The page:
Patients’ and carers’ needs
All healthcare professionals should be sensitive to the needs of patients, carers and relatives when cancer is suspected. Realistic Medicine is the Scottish Government’s initiative to put the person at the centre of decision-making and encourages a personalised approach to their care. Good communication is key and five questions to be considered by all involved can help lead to informed decision-making:
- Is this action really needed?
- What are the benefits and risks?
- What are the possible side effects?
- Are there alternative options?
- And, importantly, what would happen if we did nothing?
Good practice includes:
- Being sensitive to the person’s wishes to be involved in decisions about their care
- Providing understandable information at a level appropriate to the person’s wishes to be informed
- Being aware of, and offering to provide access to, sources of information in various formats
- Using the word “cancer” as a reason for investigation or referral unless there is serious concern about causing unwarranted distress
- Providing information about any referral to other services in format(s) most suitable for the person, including how long they might have to wait, who they are likely to see, and what is likely to happen to them
- Considering carefully the need for emotional and physical support while awaiting an appointment with a specialist and, where appropriate, providing a key contact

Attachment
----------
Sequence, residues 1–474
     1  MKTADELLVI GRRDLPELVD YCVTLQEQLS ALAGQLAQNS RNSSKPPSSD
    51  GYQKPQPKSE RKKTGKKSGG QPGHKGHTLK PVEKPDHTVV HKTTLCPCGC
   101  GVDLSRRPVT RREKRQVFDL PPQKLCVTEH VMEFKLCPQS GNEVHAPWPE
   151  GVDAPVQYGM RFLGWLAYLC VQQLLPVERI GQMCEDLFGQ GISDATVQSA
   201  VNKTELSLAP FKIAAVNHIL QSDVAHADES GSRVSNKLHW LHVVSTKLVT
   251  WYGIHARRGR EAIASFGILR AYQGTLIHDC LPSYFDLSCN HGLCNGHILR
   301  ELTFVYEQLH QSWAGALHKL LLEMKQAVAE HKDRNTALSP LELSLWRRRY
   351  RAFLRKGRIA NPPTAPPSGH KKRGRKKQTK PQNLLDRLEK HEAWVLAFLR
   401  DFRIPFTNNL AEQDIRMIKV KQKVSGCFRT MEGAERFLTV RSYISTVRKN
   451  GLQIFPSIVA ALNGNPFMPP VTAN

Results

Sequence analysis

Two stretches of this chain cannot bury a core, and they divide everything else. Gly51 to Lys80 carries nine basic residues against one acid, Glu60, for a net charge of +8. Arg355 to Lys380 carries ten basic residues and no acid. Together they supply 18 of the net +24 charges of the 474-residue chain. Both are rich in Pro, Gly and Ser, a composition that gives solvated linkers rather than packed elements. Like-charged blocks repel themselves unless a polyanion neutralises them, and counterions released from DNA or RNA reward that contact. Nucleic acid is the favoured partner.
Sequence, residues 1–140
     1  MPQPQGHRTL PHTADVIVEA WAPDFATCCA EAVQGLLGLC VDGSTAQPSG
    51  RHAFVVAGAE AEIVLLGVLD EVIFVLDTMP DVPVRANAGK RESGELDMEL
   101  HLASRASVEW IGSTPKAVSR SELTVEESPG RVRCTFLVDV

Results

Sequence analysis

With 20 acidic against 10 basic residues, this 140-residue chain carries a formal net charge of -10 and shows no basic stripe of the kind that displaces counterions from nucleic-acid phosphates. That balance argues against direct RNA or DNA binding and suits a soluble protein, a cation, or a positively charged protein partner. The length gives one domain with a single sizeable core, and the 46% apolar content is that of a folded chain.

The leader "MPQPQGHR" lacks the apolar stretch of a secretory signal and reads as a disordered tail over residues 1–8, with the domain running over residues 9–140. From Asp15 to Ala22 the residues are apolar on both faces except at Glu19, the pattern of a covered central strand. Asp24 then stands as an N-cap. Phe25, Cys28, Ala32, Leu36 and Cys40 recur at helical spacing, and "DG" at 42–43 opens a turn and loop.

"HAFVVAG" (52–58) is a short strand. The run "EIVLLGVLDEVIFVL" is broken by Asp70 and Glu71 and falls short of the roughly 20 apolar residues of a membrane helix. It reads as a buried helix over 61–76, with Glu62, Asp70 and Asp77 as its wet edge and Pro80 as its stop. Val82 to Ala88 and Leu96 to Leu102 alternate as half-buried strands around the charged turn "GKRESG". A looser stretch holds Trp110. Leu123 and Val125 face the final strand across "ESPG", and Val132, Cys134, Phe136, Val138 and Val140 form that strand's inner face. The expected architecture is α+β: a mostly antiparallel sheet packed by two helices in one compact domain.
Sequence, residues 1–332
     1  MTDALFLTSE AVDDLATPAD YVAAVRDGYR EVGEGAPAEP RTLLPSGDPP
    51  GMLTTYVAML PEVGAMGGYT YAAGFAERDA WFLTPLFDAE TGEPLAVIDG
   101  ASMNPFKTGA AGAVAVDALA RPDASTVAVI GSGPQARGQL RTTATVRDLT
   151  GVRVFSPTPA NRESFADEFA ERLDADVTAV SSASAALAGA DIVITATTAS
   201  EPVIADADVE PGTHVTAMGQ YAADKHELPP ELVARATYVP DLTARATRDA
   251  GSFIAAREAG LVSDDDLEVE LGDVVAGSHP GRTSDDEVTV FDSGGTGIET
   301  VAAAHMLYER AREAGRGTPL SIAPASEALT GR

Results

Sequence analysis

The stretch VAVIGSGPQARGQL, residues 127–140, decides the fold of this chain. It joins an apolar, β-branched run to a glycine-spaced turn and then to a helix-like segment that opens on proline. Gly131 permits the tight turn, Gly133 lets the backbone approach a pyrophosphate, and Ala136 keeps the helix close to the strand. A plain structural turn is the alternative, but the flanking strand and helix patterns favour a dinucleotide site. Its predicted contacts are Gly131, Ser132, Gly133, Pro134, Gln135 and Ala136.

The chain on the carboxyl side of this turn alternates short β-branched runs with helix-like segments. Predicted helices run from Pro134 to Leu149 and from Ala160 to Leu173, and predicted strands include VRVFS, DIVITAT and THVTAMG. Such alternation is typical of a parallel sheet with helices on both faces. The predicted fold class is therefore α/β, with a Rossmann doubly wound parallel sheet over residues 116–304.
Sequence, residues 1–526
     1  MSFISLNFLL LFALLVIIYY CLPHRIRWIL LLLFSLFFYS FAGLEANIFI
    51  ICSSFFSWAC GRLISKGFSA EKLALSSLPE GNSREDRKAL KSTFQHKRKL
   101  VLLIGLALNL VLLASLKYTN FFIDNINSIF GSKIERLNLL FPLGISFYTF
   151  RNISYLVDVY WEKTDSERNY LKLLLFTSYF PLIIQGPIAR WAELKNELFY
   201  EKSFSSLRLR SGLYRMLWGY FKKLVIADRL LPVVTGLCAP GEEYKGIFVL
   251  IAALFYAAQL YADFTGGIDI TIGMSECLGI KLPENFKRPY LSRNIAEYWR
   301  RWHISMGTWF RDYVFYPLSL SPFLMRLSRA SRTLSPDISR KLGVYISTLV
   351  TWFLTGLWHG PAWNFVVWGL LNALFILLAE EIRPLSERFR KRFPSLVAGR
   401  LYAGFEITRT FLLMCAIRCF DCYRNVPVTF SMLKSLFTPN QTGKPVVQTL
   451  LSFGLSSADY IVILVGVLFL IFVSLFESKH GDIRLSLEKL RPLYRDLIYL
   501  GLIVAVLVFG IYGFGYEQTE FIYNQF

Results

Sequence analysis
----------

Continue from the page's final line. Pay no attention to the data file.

- Considering any carers’ needs for support and information, taking issues of confidentiality into consideration
- Taking the individual’s particular circumstances into account, for example age, family, work and culture
- Recognising that there are occasions when intrusive intervention is not in a person’s best interests. There should be full discussion about alternative approaches, including with relevant others if a person lacks capacity, complying with the Adults with Incapacity (Scotland) Act 2000
- Maintaining a high standard of communication skills, including, for example, in the process of breaking bad news
Recent evidence has identified thrombocytosis as a strong risk marker for malignancy, in particular lung, endometrial, gastric, oesophageal and colorectal cancer (acronym “LEGO-C”). With a cancer incidence of 11.6% and 6.2% in males and females respectively, these figures well exceed the 3% threshold to warrant investigation
It is good practice to include general fitness or performance status in the referral (e.g. ECOG/WHO scale) in order to facilitate discussion about the most appropriate pathway (see Appendix for ECOG/WHO scale)
Email: Cancer Access Team